A coalition of major broadcast- and print-journalism associations has launched the Sunshine in Government Initiative.
The coalition wants to educate the public on First Amendment issues and lobby for legislation, including the Open Government Act of 2005, which would speed the release of documents in Freedom of Information Act (FOIA) requests. A hearing on that bill is scheduled for March 15.
The new initiative is tied to the launch of the first Sunshine Week March 13. Sunshine Week is a series of news stories, editorials, PSAs, editorial cartoons, speeches, seminars and other initiatives by broadcast and print journalists to educate the public about efforts to combat government secrecy.
Coalition members include AP, the Radio-Television News Directors Association, the American Society of Newspaper Editors, the Society of Professional Journalists, the National Newspaper Association, Reporters Committee for Freedom of the Press, and the Newspaper Association of America.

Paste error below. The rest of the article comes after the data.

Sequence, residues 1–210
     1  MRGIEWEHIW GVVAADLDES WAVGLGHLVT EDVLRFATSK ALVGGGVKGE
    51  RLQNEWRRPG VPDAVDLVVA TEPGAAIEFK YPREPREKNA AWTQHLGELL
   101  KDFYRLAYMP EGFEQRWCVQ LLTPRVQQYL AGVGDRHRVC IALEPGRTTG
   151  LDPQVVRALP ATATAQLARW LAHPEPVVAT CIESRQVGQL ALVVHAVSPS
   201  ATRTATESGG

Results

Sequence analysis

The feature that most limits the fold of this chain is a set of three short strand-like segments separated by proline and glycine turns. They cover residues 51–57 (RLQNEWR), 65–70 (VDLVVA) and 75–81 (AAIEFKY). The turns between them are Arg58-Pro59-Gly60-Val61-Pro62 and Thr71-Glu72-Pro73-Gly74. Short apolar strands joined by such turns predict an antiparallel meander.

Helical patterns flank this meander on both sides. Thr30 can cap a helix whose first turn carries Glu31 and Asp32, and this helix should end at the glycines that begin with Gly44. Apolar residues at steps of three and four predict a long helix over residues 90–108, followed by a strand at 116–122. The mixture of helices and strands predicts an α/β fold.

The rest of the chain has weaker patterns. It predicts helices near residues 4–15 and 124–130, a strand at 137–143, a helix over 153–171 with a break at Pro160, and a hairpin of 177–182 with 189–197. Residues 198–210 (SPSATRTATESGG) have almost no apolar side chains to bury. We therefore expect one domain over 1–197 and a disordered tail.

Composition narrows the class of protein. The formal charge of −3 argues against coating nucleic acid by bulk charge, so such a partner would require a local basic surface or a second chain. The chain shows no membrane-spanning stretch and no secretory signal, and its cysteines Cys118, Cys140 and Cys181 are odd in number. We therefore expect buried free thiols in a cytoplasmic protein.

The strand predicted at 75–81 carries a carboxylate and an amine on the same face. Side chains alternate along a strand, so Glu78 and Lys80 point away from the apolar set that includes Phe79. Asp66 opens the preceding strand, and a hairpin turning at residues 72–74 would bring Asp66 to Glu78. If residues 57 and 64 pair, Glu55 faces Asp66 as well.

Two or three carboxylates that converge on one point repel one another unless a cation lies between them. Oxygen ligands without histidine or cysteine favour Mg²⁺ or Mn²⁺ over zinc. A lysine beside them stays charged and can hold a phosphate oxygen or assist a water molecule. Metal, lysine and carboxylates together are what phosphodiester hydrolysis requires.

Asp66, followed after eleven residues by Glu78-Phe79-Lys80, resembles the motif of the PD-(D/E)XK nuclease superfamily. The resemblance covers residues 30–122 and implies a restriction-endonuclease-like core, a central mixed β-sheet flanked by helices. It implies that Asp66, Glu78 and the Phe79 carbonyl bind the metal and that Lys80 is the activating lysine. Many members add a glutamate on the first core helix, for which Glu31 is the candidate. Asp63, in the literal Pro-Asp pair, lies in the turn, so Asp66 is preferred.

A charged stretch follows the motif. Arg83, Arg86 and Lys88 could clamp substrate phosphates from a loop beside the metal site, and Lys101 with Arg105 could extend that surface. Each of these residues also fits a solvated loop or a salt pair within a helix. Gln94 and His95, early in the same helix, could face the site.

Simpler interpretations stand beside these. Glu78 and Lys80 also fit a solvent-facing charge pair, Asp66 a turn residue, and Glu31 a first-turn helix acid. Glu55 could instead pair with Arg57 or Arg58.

"National security depends on public trust," AP President Tom Curley said. "The trend toward secrecy is the greatest threat to democracy. We must be vigilant at explaining and fighting for accountable government in every jurisdiction."
Curley has been pushing for an industry lobbying effort at least since last May.
In a speech in Riverside Calif., in May 2004, Curley invoked an Orwellian image of an armed and dangerous government in proposing a media advocacy center that would push back against the government's tightening control over records and FOIA requests.
"The government's power is overwhelming," Curley told his audience then. "It's agents are armed and authorized to use force if they have to."